About 10 years ago, he started working with a trainer and a strength and conditioning coach who happened to treat elite freestyle skiers. The skiers had never had chiropractic care before, and they immediately noticed a big advantage to their bodies, particularly with the soft-tissue work Dr. Robinson was providing. Within six to nine months, Dr. Robinson was asked to travel with the freestyle ski team, and he began treating them at the national center for winter sports training in Calgary, where he was noticed by athletes from numerous other sports.

Eventually, Dr. Robinson became a contractor to the sports center, treating many of the national team members that came through. For the 2010 Olympics, those teams put in a referral for Dr. Robinson to join the Canadian team’s medical staff. “All of my opportunities have come from word-of-mouth endorsements from athletes,” he says.

Dr. Uchacz had a similar experience. When its time to select the medical staff for the Winter Games, all of the Canadian national organizations for the various sports put in applications for the practitioners that they want to be there. The bobsled and skeleton team requested Dr. Uchacz. That endorsement, along with his training and credentials, secured him a spot on the Canadian team’s staff.

Getting Started in Sports Chiropractic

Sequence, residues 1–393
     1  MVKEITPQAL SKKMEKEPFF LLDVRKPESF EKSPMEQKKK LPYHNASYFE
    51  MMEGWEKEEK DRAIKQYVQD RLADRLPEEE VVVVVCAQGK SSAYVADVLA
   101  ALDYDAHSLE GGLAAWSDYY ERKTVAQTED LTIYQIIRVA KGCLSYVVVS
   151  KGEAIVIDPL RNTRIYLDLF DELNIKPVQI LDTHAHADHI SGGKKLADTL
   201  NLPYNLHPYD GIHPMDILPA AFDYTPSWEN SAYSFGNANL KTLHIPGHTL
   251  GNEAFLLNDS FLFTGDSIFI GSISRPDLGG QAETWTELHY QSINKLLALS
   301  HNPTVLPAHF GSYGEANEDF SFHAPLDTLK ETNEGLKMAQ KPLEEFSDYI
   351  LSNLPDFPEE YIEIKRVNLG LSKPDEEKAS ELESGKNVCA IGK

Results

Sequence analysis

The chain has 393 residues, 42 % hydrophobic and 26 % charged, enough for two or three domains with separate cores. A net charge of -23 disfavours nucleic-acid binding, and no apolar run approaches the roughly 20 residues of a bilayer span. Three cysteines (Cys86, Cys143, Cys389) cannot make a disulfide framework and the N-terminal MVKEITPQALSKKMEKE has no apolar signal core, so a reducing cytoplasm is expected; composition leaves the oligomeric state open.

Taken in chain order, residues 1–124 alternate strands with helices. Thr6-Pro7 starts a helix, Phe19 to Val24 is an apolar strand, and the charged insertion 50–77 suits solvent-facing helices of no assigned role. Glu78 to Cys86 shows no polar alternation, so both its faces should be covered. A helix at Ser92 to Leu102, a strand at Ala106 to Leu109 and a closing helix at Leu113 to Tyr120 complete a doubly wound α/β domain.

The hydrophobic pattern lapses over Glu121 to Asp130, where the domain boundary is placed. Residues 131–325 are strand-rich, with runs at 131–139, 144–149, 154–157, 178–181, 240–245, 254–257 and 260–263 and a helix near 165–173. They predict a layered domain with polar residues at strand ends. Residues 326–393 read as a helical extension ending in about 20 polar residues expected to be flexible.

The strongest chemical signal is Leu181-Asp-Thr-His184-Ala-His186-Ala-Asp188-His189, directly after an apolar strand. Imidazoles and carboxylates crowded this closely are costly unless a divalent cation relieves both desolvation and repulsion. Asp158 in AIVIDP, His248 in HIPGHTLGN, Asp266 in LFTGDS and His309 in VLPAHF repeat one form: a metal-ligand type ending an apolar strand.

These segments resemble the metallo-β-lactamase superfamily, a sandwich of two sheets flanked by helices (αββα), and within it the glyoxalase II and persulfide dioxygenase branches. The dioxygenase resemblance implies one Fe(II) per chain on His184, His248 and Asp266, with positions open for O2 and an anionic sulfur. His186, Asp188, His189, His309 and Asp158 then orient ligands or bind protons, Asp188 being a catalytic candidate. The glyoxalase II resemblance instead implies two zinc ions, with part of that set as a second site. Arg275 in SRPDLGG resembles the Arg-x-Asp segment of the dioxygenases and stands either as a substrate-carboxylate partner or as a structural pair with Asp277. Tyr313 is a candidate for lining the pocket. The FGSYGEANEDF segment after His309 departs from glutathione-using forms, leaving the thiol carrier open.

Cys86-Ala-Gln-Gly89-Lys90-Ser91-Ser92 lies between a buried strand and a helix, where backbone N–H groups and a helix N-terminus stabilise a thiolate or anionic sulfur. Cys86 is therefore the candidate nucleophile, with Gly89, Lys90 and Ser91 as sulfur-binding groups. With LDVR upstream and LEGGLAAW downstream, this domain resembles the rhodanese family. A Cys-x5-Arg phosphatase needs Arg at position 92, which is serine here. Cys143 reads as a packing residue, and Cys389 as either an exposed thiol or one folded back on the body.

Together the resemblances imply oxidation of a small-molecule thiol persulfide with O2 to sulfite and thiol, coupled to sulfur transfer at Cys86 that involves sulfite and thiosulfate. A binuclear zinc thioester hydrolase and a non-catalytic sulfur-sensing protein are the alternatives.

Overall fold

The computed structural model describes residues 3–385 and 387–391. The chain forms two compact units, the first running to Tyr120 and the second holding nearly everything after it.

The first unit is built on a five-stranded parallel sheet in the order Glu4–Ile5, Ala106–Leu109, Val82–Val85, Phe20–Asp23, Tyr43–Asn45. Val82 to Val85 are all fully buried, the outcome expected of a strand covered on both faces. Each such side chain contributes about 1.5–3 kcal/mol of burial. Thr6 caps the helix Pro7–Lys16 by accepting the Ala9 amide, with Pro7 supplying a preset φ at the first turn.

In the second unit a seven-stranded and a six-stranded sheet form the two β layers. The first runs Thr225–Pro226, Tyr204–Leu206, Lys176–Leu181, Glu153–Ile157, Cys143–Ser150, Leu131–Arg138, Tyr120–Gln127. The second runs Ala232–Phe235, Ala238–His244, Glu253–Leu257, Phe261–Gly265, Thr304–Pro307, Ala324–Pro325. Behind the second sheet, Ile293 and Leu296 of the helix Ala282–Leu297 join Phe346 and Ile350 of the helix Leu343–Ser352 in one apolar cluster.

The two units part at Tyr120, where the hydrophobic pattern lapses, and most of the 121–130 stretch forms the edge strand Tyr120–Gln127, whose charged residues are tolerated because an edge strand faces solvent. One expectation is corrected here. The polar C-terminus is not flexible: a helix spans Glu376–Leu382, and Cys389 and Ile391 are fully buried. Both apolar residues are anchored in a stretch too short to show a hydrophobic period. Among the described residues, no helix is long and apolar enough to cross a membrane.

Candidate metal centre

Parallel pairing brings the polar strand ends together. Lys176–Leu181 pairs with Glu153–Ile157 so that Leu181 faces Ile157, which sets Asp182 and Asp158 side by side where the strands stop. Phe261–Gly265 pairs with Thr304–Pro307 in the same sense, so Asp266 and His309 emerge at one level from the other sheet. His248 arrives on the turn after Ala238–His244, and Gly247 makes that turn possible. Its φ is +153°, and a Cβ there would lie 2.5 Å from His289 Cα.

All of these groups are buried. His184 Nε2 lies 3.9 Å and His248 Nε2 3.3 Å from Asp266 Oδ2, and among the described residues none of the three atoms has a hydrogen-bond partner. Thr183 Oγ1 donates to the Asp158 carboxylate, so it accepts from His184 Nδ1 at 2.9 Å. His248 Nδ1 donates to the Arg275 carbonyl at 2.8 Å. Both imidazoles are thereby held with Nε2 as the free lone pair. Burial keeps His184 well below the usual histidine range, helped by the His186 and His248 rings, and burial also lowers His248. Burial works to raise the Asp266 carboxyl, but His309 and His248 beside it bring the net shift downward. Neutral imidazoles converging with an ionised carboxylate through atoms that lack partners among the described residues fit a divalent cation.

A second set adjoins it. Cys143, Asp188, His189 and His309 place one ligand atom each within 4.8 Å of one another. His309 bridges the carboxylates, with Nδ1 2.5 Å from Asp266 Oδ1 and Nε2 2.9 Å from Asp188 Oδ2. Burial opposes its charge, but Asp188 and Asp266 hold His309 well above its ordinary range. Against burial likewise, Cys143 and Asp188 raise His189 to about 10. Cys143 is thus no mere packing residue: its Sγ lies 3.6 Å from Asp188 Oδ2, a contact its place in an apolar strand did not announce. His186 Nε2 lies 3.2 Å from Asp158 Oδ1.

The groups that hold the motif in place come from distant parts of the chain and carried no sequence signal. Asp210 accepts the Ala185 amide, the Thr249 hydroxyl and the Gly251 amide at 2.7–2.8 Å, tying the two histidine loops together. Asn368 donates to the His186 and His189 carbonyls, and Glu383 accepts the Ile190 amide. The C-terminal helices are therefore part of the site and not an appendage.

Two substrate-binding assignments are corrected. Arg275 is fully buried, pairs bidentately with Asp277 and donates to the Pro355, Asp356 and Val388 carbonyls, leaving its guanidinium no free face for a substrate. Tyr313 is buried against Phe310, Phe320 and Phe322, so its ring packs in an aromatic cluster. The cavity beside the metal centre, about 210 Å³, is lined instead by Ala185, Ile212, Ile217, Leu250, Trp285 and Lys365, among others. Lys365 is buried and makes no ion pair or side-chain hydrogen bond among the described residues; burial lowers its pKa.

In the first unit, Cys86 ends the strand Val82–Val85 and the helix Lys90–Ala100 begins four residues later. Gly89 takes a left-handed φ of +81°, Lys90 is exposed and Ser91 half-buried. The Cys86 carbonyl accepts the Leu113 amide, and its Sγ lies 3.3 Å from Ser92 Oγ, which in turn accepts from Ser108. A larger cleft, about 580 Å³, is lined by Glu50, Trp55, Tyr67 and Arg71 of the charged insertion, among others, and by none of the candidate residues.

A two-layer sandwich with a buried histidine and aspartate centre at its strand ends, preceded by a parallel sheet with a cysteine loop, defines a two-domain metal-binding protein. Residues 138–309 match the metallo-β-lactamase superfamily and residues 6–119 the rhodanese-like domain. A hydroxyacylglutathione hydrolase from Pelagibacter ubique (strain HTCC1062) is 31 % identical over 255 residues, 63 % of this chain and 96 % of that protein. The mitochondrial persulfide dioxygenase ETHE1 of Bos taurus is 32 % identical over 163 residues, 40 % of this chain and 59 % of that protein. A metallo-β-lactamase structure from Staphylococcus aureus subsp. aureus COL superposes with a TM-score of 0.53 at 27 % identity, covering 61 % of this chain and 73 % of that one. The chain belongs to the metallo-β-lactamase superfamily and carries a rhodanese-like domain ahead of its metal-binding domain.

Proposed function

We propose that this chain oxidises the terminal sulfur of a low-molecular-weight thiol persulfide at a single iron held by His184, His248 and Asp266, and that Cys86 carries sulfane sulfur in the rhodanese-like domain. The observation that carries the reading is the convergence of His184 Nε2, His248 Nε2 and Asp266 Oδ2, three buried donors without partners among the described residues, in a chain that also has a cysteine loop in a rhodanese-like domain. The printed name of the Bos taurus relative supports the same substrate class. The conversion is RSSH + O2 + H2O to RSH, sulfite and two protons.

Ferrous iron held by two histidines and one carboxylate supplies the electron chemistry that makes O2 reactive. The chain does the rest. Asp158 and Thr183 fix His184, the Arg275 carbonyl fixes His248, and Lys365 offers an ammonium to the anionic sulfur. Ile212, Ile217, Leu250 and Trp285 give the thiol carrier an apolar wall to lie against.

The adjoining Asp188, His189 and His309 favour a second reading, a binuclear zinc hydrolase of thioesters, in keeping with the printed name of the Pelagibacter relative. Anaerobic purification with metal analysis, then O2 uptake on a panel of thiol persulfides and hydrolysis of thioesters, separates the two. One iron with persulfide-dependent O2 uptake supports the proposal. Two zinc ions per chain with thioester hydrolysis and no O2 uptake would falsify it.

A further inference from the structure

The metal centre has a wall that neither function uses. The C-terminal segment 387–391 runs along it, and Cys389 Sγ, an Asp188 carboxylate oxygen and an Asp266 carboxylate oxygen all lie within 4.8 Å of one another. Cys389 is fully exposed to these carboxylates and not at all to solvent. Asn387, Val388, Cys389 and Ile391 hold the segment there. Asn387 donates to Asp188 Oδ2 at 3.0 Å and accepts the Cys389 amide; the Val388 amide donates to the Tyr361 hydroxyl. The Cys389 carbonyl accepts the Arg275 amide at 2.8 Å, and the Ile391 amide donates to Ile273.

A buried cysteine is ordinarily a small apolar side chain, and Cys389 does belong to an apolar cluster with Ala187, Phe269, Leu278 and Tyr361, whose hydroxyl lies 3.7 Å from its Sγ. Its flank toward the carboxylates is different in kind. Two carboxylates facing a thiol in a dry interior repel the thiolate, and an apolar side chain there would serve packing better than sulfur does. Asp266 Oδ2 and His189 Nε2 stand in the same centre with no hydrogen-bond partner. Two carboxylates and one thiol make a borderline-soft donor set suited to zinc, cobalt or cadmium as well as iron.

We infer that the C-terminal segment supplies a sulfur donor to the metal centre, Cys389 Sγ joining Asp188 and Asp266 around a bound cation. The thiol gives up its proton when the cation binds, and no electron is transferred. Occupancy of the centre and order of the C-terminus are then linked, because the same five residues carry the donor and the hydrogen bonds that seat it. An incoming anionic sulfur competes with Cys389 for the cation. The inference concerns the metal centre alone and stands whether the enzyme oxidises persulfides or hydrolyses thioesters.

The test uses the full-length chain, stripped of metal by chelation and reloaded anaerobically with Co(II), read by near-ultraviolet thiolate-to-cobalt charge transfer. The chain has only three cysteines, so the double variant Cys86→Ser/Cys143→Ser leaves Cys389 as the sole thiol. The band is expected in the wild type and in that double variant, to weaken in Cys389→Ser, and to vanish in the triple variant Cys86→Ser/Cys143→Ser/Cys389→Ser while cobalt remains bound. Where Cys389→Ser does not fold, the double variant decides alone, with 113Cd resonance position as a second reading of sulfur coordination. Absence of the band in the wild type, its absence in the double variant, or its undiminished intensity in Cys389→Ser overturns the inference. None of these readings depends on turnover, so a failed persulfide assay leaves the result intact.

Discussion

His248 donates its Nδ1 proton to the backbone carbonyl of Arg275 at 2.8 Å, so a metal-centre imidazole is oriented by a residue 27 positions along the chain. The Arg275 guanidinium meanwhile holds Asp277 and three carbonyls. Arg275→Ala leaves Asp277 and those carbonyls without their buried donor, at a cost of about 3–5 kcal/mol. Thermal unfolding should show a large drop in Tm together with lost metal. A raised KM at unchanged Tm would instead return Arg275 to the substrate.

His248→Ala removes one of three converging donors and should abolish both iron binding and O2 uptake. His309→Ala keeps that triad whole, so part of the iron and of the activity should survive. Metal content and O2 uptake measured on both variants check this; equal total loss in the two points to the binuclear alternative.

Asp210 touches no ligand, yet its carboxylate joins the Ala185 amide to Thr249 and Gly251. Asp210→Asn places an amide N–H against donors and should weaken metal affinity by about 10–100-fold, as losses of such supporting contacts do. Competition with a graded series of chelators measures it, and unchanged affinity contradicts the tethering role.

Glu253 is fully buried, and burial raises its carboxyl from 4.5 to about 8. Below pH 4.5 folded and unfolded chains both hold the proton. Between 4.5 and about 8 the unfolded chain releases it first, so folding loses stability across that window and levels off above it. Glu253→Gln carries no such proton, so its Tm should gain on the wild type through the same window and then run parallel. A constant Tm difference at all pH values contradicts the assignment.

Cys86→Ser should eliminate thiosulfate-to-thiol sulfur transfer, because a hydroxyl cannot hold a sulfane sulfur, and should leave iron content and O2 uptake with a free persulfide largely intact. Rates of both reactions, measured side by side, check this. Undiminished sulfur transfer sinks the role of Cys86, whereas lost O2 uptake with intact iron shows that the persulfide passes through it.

If you’re interested in working within the sports arena, take the CCSP program, says Dr. Reed. There’s a lot more to working with athletes than simply giving treatments, he explains. You have to understand the team environment and know that there is a proper protocol for making decisions about an athlete’s care and communicating with other practitioners, coaches and team members.

“Then just get out there and work,” continues Dr. Reed. “The athletic population utilizes chiropractic more than the general public, and there are so many sports out there—from youth programs to local high schools or universities to semi-professional and professional teams. Volunteer your services, and opportunities will continue to open up.”
 
Dr. Reed also suggests finding a sports medicine mentor, or two. “It doesn’t necessarily have to be a DC, but find someone working in sports and just follow them around and take in as much knowledge as you possibly can,” he says. “Pay particular attention to how they interact with other practitioners and members of the sports community because that is such a huge part of working in sports medicine.”

“Your focus should never be that you want to go to the Olympics; it should be that you want to serve athletes and provide them with the best care possible,” says Dr. Uchacz. “If you do a good job, the athletes will tell each other, and there’s no end to the opportunities that can come your way.”